certifications

Do I Need to Go Back to College to Change Careers?

iStockphoto.com |  monkeybusinessimages

iStockphoto.com | monkeybusinessimages

You are well into your career. You’ve made all the right moves, you have a track record of success, salary increases, and promotions behind you, and yet you’re feeling bored and unfulfilled. What can you do to spread your wings and pivot into a new career path?

The most traditional historically has been to return to college to earn an advanced degree, or to study another discipline. In the economy of the past, this was a no-brainer, but is it the best approach today? Going back to college to earn a graduate degree or some other diploma can be an expensive, time intensive endeavor, and your return on your investment is far from guaranteed – even if your next diploma is from an elite and prestigious college or university. It’s important to weigh your options carefully. Here are some factors to consider:

Does the new field you are choosing require a specialized type of education?

Some jobs require specific advanced training and education. For example, you can’t just apply for a job as a nurse without a nursing degree, or as a lawyer without a law degree. But for those who have the time, resources, and aptitude to pursue such a specialized education, it’s entirely attainable to make such a change.

 

Do you want to jump start your career?

Presuming you like your line of work, if you want to jump start your current career, going back to college to elevate your position in your chosen field may be the best option. An advanced degree may open your world to new opportunities that would not otherwise be available, regardless of your talents and accomplishments. For example, many Fortune 500 companies have management training programs that are open only to newly-minted MBAs from top programs. Many careers have built in career progression ladders and at some employers your distance to the top may depend on your level of formal education, with the advanced degree serving as a gateway to promotion. And don’t underestimate the positive momentum an alumni network at a highly-ranked university can provide your career.

 

Do you need to reset your career?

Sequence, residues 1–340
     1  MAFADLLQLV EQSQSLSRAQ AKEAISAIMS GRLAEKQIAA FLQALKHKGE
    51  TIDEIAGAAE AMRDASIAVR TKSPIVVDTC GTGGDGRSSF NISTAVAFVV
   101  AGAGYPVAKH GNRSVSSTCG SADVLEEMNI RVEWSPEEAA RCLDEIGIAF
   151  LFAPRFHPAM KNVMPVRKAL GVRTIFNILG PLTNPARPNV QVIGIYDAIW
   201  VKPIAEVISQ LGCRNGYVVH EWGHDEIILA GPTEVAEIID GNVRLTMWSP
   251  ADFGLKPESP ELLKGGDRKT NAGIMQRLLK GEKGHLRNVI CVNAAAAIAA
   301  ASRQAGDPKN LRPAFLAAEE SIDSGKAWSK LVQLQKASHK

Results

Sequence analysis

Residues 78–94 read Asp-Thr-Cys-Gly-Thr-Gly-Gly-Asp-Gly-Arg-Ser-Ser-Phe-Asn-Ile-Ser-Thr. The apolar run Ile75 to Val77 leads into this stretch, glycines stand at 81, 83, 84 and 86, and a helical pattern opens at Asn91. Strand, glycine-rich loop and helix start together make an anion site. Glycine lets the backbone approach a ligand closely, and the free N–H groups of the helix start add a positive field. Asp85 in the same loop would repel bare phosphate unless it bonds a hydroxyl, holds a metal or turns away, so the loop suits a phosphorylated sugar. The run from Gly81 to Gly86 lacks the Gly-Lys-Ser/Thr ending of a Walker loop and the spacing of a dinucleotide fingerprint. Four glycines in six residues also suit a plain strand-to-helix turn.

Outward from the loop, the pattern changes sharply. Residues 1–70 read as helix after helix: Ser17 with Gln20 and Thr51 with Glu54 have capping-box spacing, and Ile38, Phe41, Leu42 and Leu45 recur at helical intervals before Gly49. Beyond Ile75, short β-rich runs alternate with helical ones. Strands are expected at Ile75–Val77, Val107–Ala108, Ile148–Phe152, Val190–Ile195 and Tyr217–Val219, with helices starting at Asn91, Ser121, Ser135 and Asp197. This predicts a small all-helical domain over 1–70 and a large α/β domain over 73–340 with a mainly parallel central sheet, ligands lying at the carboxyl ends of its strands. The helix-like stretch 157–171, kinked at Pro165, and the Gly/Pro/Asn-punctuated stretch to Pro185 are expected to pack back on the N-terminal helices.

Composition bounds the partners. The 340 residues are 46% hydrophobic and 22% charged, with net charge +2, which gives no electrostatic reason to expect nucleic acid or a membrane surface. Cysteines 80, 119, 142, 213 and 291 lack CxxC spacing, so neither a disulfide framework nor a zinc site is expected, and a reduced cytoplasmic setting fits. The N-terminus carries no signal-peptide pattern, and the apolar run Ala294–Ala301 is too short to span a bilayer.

If you’re not satisfied with your chosen profession, career advancement isn’t going to satisfy you. It’ll make you simultaneously wealthier and more miserable. Many individuals take a break from the workforce to find a new passion. For example, I’ve seen professionals of all disciplines (nursing, government, finance, you name it) go back to get an MBA and land new careers as brand marketers, management consultants, investment bankers, and other fields. That kind of “hard reset” can help you shift gears into a totally new career path with no penalty and, often a jump in pay. Which brings us to…

 

Can you afford to take the time and expense to go back to school?

If money is no obstacle and you can pay for higher education without taking out loans or making other major sacrifices, then your decision-making process will focus largely on the advantages another degree may bring to your career. But few people have such a luxury.

And yet, sometimes the risk and expense may be worth it. We are well acquainted with an individual who, in his early 40s, newly married, and with a baby on the way, was impacted by the Great Recession. He had a bachelor’s degree, and he suddenly found himself unemployed and competing unsuccessfully with applicants for jobs that didn’t require any sort of college diploma. After much deliberation, he and his wife agreed that he would return to college to get a masters degree while serving as the stay-at-home parent. He selected and was accepted to a local, elite university considered to be one of the best in the world for his discipline, but its marquee value would not come cheap. After three years of aggressive cost management, he earned his master’s degree and parlayed his new credentials into a full-time job with far more responsibility and compensation than he had ever had in his past. That said, he still has $40,000 in outstanding student loans to this day, and he needs at least one more promotion or a position with a higher salary to manage those financial obligations.